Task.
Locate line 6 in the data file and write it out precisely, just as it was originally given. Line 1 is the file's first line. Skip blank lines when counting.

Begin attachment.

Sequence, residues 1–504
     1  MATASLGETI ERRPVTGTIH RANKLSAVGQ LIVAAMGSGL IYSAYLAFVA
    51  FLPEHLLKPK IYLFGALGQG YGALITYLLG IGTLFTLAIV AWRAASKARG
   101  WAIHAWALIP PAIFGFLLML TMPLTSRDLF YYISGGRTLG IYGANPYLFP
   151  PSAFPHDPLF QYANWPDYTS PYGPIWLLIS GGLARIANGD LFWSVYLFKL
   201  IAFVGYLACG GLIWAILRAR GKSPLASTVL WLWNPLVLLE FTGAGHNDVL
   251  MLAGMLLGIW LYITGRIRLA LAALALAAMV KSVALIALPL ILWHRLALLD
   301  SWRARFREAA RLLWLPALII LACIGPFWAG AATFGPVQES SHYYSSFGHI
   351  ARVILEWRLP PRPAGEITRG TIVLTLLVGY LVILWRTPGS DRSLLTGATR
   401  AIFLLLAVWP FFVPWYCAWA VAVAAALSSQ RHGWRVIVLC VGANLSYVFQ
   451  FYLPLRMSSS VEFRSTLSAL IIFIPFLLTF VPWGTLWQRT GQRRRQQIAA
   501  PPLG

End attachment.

   201  IAFVGYLACG GLIWAILRAR GKSPLASTVL WLWNPLVLLE FTGAGHNDVL